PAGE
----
Moreover, there are 30 some odd pages of all the major genealogies found in the Bible illustrated in genealogical "trees." For me, discovering these wonderful illustrations more than made up for the cheapness of the book. The illustrations begin with Adam and Eve, and include such individuals as Jacob, Leah, and Rachel, all of the 12 sons of Jacob, the Kohathites, Esau, David, and many others. There is even an alphabetical table of all the nations of Canaan surrounding Israel, along with a detailed (for 17th century folks, anyways) map of the land of Israel.

The one drawback to the table and map, however, is the smallness of the font. It's like -0.2 picas or something. In other words, you seriously have to get out a magnifying glass to read the words and see the map. But I guess that is to be expected if you have to reduce the 15'' by 12'' folio sized original to a handheld version.

One final interesting item to note is the Bible and prayer reading plans. Remember, the KJV is an Anglican Bible, so the translators created an extended table incorporating the readings from the Book of Common prayer with the Bible readings. Even more interesting is how they match all of this data with the rising and setting of the sun and moon to the corresponding months in minutes and degrees. There is almost a Zodiac like feel to the whole thing, which makes me wonder what KJV onlyists would think of it.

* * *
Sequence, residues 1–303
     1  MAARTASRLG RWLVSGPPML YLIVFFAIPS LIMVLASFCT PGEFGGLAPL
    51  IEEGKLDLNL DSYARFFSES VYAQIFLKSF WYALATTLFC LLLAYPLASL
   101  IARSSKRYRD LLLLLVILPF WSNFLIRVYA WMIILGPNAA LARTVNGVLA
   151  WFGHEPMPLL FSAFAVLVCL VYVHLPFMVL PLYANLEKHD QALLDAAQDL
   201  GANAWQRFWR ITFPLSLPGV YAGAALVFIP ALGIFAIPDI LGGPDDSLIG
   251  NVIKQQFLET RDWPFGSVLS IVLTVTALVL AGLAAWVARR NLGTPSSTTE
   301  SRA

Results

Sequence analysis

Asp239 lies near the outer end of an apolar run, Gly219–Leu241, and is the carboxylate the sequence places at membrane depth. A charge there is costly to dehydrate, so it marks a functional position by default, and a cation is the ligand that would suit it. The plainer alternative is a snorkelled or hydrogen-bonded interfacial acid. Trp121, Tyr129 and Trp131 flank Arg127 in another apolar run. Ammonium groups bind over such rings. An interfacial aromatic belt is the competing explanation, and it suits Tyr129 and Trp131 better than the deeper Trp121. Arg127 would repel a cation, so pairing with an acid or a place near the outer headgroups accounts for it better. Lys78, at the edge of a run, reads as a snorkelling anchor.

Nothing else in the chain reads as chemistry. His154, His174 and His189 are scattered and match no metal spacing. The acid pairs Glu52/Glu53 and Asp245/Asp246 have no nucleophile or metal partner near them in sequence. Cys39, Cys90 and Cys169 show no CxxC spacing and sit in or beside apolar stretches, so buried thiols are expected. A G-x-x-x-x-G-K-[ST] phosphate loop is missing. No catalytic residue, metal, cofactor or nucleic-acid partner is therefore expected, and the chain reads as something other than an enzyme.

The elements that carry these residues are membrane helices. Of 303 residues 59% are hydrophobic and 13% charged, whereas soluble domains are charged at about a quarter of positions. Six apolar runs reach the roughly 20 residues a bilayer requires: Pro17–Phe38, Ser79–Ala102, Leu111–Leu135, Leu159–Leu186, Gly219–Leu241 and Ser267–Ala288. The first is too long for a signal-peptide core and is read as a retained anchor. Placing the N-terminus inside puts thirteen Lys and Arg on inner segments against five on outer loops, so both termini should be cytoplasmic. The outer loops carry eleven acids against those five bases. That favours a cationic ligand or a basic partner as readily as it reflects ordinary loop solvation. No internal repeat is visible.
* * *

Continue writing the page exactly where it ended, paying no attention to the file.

At any rate, regardless of the low quality paper and cover, overall, I believe this Bible is worth your 5 dollars (or $5.15 with tax if you are in CA). Even if you are a pastor or teacher who has moved in the direction of the "electronic library" for your Bibles and books, it is not very often the reproduction of a major, historical Bible is made available at such a cheap cost. You don't want to pass it by.

One final note. Zondervan obtained their original 1611 from the world's largest dealer in rare and antique Bibles and theological books. They have a Bible Museum in Goodyear, Arizona, west of the metro-Phoenix area, located oddly in a Hampton Inn off the 10 freeway. I have literally been traveling by it to see in-laws for nearly a decade and I had no idea the place existed. I already have a visit intended for our next trip to see papa.



Blogger Peter said...

“Psalms” is spelled “Pfalmes,” “Job” is “Iob,” and words like “wisdom” is spelled “wifdome.”

On British TV, there have been some jokes about long 's' — ſ — being confused with an f, many of them unrepeatable. But until around WWI, the ſ in “Pſalms” and “wiſdom,” etc. was thought to be more elegant, if harder to read.

Your keen observation that the annual Bible readings in the old Church of England were pinned to Easter, making the schedule look astrological, makes a good chuckle. But I think that even if we remember that the the old C of E was Calvinist until the Tractarian movement was assimilated (recall the earlier Whitefield and the earlier debates between Wesley and Augustus Toplady), the Arminian KJVO would be the more dismayed.

1:19 PM, June 06, 2011  
Blogger The Squirrel said...

I picked up a copy yesterday. I'm quite pleased with it, for $5! Thanks for the heads up :o)


3:58 PM, June 08, 2011